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Banh Khot and Banh Dap Bo @ Vung Tau 3 in Newark

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Tuesday's lunch was a visit to Vung Tau 3 in Newark. While I've been to Tamarine in Palo Alto, owned by G2, this was my first visit to the first generation's restaurants.

The place filled up quickly at the lunch hour and the two servers were whirling dervishes trying to keep up with 20+ tables including a couple groups. The food does come out quickly once ordered.

Luckily, I'd ordered two things to hedge my bets. The banh khot didn't do much for me here. The coconut custardy part was soft and sort of curdled, and I found it too sweet in the balance. These weren't very crusty or browned either.

I liked the bahn dap bo much more. Cam Huong in Oakland has a sandwich made with similar grilled beef rolled tightly around soft onions, and I'd wished I could try a freshly grilled version some day. Well, it was right here and the fresh char made it tastier yet. I liked the idea of the fresh rice sheet wrapped around the crispy black sesame studded rice cracker, however, the rice noodle sheet was on the stale side and too firm for my taste. The vegetable garnishes included some tasty pickled daikon and carrot crinkle-cut sticks, rau ram, mint, basil, bean sprouts, and leafy lettuce. It was hard to put the whole thing together, and in the end, I found I liked the beef rolls with just a bit of the fresh herbs then dunked in the nuoc cham.

The most dazzling part of this meal was the iced coffee with sweetened condensed milk. I'd heard it praised many times on the board, and now I know understand and can heap my own praise on that pile. The richness of the brew and its utter smoothness and near syrupy texture even as the ice melted were unlike any other I've ever had. I wanted another one even though I was freezing in the drafty dining room and only fears of insomnia kept me in check.

I'd heard many negative reports on VT3 in its opening months. The room is very nice, in keeping with the higher prices here, and I enjoyed the chance to order something different than the simpler noodle houses provide. From this lunch, I imagine that some but not all of the service issues have been worked out. And, while the food was better than I expected, I suspect that it still falls short of the original in San Jose since I'm not craving a return visit. I will, however, be visiting the VTs in San Jose and Milpitas to get another iced coffee.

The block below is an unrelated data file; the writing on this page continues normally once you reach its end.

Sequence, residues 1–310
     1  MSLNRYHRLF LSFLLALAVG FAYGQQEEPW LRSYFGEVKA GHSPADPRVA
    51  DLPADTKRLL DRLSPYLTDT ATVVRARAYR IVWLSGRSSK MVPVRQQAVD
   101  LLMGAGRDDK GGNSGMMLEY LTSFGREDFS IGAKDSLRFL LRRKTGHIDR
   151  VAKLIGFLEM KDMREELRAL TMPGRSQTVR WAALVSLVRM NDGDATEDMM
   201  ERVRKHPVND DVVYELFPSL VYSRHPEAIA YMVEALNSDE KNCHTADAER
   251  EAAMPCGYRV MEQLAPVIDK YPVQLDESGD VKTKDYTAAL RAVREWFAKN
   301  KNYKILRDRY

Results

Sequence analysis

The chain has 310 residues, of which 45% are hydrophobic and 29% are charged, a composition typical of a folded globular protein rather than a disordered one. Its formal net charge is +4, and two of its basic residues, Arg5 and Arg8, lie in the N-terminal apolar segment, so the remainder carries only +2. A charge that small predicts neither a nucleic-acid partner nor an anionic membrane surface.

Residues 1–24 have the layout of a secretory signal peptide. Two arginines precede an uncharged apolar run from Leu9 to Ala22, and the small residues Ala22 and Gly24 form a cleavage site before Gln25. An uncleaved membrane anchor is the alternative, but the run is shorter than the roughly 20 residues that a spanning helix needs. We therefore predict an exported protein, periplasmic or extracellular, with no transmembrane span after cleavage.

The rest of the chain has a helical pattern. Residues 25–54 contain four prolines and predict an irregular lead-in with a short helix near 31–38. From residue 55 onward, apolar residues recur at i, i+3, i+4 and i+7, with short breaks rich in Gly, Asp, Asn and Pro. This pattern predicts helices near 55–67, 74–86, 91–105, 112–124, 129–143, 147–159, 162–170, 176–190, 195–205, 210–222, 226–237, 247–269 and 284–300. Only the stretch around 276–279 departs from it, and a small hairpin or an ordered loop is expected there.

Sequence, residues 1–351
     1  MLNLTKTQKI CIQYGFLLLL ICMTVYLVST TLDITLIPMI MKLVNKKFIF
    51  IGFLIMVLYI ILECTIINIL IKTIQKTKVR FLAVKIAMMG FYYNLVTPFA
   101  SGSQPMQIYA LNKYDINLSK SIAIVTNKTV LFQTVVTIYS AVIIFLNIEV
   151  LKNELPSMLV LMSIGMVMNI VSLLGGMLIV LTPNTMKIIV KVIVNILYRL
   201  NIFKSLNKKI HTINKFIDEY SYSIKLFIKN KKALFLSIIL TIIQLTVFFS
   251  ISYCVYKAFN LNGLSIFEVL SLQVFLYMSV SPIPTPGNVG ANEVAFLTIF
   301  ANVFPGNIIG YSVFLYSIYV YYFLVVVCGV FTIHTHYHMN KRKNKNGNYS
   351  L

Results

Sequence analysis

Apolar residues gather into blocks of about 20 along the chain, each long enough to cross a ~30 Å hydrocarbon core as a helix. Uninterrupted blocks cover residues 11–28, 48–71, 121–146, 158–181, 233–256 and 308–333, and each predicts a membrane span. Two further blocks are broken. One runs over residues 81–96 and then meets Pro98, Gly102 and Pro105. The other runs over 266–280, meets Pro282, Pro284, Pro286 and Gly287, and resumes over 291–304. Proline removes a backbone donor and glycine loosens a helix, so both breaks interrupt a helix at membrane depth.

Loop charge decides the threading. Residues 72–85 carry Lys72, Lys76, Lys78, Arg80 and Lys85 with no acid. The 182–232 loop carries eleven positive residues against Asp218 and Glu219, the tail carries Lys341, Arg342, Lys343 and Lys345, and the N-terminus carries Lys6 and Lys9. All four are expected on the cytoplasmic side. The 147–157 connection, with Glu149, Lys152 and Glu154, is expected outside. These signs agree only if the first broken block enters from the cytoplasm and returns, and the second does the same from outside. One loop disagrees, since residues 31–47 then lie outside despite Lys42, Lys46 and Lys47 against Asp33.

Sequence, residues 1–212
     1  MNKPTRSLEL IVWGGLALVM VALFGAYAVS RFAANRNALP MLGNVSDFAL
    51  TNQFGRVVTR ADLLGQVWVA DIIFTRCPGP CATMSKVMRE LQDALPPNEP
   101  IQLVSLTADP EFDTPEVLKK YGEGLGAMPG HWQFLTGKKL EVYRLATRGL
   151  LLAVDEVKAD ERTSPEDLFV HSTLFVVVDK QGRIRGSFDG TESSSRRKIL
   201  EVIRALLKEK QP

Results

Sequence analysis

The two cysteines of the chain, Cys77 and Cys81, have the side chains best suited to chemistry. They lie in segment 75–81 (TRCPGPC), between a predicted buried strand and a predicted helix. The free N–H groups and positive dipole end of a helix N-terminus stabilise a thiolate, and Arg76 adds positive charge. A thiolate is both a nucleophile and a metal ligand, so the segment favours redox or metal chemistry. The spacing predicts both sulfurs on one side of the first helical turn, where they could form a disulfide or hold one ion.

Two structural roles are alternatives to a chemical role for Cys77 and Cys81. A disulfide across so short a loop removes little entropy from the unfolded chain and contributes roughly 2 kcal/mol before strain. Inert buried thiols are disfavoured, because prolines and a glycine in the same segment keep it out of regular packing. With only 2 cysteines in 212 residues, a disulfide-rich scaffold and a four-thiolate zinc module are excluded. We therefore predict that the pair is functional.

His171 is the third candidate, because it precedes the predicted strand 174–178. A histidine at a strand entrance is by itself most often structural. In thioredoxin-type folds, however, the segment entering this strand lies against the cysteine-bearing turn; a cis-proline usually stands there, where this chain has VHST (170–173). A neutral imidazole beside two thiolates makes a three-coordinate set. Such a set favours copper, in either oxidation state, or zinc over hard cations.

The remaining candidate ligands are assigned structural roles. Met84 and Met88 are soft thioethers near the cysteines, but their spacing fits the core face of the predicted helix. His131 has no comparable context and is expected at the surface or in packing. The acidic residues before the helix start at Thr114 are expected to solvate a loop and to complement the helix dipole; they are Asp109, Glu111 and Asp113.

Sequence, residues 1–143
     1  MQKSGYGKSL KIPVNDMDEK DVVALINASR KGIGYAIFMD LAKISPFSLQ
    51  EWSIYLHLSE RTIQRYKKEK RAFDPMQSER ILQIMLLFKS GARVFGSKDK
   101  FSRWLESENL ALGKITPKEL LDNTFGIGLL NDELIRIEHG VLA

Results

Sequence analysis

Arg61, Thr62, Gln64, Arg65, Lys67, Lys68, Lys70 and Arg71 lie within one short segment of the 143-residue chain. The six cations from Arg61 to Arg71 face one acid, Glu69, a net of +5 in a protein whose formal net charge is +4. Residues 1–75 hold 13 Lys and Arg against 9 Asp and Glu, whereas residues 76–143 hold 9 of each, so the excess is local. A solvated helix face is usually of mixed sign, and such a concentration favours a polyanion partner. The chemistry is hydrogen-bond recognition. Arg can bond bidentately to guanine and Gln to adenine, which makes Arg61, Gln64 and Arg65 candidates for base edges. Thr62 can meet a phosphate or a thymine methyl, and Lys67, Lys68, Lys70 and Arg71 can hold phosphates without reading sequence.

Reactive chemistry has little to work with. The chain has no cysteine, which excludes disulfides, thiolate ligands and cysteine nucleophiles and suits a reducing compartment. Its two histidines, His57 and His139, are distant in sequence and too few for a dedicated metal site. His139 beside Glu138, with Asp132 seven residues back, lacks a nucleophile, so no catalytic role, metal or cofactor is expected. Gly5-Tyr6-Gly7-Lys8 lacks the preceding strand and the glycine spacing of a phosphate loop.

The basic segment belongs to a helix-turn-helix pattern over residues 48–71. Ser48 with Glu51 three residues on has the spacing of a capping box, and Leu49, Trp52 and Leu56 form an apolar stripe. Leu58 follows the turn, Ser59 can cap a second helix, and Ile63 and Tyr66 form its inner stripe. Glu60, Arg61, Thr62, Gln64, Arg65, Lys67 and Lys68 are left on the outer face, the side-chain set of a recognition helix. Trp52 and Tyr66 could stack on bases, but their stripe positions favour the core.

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  1. Thanks for your report and photo, Melanie. While the dishes are recognizably similar to the ones we got from VT San Jose, I can see slight differences (which I would expect).

    I really enjoyed the banh dap dish. The noodle sheets from VT1 looked a bit thinner and more tender than your thicker version. I don't really care for the banh khot at VT1 either since it's too doughy and not very crisp.

    And yes, the ca phe sua da is excellent! Probably the best I've had in the states. Just the right strength and amount of condensed milk w/ a smooth and clean flavor. So rich, it's a meal in itself. I wonder what brand of coffee they use...

    4 Replies
    1. re: Carb Lover

      Yep, these sheet were thick and stale enough to be brittle. You can see how it cracked.

      I took the rest of the "onion beef" (that's what it's called on the menu) to my brother's for him to try. He was one of those who had warned me off VT3. He liked the beef rolls quite a bit too. The nuoc cham was too sweet and should have a bit more tartness to perk up the food.

      Link: http://www.chowhound.com/topics/show/...

      1. re: Melanie Wong

        Thanks for the links, Melanie. VT1's nuoc cham is on the sweet side too, but I find it pretty balanced b/c it's fairly pungent. I like it b/c it's the closest I've had at a restaurant to my mom's. My brother has eaten at VT2 in Milpitas, and while he liked it, I don't think he was crazy about it. I need to try more of the homey bun and com plates at VT1 on my own since we tend to shy away from those at chowdowns as they are more difficult to share.